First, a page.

This morning, hours before we departed for the start of the Giro Next Gen final stage, the riders gathered for the last briefing by Team Sports director Ruben Plaza.

Ruben discussed the team’s final chance to get our leader, Pau Marti, onto the podium. Pau desperately needed just one second, the one second he couldn’t secure in the last two stages despite giving it his all. But now there was an alternative: the tie with Tudor rider Mathys Rondel, who sat ahead of him, could be broken if Pau finished two spots ahead of him today.

Could he do it? If there was one person who remained calm, it was Pau himself. “I hardly lose my head. I am calculated and make sure to stay positive. And I trust myself and my teammates. So why panic?”

Hours later, in the heat of the final stage, the kid from Moixent proved that his words were not empty. When the breakaway escaped with a GC rider that could jeopardize his chances, he maintained his position at the front and let the other riders close the gap, which they did.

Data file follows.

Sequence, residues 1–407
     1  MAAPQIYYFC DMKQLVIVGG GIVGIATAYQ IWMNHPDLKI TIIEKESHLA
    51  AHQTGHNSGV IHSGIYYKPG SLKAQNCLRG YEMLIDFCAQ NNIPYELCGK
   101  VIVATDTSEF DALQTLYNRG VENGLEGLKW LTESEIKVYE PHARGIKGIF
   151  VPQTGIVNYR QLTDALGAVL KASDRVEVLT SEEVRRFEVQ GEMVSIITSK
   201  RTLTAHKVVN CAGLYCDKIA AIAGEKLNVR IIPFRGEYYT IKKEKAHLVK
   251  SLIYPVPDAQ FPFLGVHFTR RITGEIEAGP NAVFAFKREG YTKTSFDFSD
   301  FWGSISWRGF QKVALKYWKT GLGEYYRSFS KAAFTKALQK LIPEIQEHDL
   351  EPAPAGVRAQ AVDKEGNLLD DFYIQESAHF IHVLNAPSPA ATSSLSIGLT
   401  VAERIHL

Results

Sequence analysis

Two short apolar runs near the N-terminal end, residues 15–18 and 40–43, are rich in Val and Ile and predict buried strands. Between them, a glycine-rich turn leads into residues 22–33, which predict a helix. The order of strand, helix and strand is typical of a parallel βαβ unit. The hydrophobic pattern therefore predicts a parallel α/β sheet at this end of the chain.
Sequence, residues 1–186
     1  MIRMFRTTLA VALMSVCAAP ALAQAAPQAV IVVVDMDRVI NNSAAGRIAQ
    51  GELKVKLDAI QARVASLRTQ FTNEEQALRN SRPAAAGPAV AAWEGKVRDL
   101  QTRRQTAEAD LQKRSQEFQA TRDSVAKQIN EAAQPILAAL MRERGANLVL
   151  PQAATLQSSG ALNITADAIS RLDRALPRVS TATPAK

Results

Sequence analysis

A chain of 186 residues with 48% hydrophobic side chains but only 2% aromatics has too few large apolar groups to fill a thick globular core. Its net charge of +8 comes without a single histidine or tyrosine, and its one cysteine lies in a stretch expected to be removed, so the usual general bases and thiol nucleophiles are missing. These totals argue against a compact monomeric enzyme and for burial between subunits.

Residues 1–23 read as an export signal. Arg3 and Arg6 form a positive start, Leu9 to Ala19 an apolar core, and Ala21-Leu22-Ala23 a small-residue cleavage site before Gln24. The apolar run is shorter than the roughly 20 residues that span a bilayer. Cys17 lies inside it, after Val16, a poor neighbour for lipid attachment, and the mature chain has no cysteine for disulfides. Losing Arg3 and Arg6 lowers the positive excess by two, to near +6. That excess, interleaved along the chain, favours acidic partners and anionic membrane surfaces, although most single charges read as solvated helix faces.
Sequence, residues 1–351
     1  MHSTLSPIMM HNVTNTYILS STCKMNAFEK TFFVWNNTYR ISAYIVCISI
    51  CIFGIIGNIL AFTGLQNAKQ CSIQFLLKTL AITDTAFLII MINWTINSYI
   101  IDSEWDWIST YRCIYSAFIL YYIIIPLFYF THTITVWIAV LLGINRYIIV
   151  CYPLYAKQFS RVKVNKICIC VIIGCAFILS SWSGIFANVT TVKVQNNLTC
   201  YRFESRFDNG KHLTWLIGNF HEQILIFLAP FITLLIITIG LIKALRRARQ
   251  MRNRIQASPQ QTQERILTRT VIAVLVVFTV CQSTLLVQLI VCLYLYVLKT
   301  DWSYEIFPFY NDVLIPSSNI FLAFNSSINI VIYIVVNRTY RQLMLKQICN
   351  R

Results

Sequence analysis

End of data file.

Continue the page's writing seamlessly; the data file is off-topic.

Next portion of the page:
And when the group approached the finish, he made sure to attack in the last 50 meters to shake off the Tudor rider who was sitting on his wheel. “I attacked on the left side, my only opening. I wasn’t sure it would work, but I knew I needed to sprint the best I could,” he said. “Then I heard my rival sound upset behind me and I knew that I had probably made it.”

He was right. His rival finished four spots behind him. More than enough.

Third place in the GC was secured, marking an amazing achievement for the 19-year-old and the whole team.

“It’s a remarkable milestone,” said Director Ruben Plaza. “I am so proud of Pau and his teammates.”

Ron Baron, who founded Israel Cycling Academy 10 years ago, called it a “historic moment and further proof that our Academy program is one of the world’s best.”

The last word goes to young Israeli Imry Faingezicht, who was impressive in the first major race of his career. For him, it was also a tribute to his cyclist friend Guy Timor, who was killed by a reckless driver. He raced from kilometer one with a black armband. “I still can’t comprehend that we lost him,” he said. “The whole race was both a mix of sadness and happiness.“